The Bible consistently instructs against idols. It is the second of the Ten Commandments:

“You shall not make for yourself a carved image, or any likeness of anything that is in heaven above, or that is in the earth beneath, or that is in the water under the earth. You shall not bow down to them or serve them, for I the Lord your God am a jealous God... (Exodus 20:4-5 ESV)

In writing on myths Giovanni Filoramo makes this statement about Philo of Alexandria:

Philo's polemic against pagan mythology, under Platonic influence, turns principally on its patent immorality: the second commandment forbids not only the construction of idols, images, and statutes, but also the acceptance of mythic invention about births and marriages of gods, their innumerable scandals and the inexhaustible lasciviousness associated with them. 1

It seems logical myths, especially of the type Philo lists, would be wrong. However mythic invention (or believing them) strikes me as an action prohibited by the first commandment:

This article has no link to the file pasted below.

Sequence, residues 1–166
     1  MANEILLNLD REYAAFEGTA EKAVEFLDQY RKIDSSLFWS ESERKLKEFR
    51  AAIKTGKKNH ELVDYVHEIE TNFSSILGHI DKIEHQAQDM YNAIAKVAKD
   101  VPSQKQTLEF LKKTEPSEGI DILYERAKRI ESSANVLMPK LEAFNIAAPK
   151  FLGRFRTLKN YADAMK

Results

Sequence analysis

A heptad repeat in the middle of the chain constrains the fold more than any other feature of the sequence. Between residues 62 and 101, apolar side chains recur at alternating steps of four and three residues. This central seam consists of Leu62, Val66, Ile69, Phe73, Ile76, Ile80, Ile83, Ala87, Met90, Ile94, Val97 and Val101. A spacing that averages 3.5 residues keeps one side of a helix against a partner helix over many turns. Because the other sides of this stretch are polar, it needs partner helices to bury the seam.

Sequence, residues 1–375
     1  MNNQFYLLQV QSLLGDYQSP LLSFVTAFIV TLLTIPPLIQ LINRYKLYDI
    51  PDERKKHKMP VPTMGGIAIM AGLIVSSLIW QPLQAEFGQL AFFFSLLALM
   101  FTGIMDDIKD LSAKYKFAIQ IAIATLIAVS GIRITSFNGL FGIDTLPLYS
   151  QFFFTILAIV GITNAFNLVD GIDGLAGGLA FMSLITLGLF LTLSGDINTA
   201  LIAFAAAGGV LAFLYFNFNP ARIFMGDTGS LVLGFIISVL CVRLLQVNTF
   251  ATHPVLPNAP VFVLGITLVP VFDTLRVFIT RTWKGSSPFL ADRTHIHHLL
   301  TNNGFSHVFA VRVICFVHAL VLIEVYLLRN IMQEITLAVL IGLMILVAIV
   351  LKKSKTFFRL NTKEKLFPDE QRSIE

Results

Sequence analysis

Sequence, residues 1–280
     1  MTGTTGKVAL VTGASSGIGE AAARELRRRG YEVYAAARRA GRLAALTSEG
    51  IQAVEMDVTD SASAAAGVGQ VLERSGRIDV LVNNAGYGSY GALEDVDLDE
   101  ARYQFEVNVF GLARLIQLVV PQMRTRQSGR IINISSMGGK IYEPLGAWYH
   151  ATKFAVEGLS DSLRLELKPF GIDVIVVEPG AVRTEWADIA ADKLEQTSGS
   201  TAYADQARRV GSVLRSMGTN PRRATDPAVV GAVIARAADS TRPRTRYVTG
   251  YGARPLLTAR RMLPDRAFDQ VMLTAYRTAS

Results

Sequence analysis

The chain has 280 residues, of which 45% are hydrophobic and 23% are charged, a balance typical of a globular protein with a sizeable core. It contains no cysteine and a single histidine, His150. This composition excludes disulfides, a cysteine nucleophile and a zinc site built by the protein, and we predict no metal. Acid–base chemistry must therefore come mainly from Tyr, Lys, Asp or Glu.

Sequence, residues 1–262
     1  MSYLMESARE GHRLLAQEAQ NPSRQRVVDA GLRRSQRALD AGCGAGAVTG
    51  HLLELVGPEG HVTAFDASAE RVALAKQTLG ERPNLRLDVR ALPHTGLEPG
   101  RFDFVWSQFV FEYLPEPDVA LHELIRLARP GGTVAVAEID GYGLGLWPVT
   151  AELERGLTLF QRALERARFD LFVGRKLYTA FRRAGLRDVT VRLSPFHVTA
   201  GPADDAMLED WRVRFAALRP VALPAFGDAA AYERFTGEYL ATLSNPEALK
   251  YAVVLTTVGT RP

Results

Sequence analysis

“You shall have no other gods before me. (Exodus 20:3 ESV)

I believe Philo's position is a myth when written becomes tangible and therefore is the same as a statute: both are physical manifestations seeking to depict a false god, or false ideas about God.

  1. Is Philo's position consistent with sound hermeneutics and exegesis of the first and second commandments?
  2. Are there other scholars or writings which state myths were considered to be the construction of idols and/or a violation of the second commandment?

1. Giovanni Filoramo, A History of Gnosticism, translated by Anthony Alcock, Basil Blackwell, 1990, p 49.

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    @RevelationLad Specifically WRT second commandment no. It looks to me that Philo needed to find the closest fit and hit on the second commandment. Philo being an Alexandrian Allegorist, this is not a surprising assertion.
    – user17080
    May 16, 2017 at 16:26